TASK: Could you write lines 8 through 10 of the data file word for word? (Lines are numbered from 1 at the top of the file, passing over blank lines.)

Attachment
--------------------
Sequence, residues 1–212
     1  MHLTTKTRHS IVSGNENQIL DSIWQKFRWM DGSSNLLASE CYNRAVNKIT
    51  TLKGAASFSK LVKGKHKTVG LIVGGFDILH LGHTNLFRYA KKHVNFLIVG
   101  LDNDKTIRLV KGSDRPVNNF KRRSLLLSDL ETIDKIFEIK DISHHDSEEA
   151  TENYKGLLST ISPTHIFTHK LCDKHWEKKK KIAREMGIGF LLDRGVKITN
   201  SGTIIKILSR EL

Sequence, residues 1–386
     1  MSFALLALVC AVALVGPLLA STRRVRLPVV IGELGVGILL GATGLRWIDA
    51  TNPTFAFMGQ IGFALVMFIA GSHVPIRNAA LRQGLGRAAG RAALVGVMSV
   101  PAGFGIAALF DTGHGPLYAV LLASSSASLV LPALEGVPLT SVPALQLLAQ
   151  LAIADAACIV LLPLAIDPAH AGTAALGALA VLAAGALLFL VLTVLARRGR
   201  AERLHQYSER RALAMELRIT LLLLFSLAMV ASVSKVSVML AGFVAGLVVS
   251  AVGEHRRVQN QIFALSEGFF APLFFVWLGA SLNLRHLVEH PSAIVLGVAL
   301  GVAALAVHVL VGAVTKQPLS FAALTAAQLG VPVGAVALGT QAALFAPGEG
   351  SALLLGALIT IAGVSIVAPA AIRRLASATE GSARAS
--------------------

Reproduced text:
     1  MSFALLALVC AVALVGPLLA STRRVRLPVV IGELGVGILL GATGLRWIDA
    51  TNPTFAFMGQ IGFALVMFIA GSHVPIRNAA LRQGLGRAAG RAALVGVMSV
   101  PAGFGIAALF DTGHGPLYAV LLASSSASLV LPALEGVPLT SVPALQLLAQ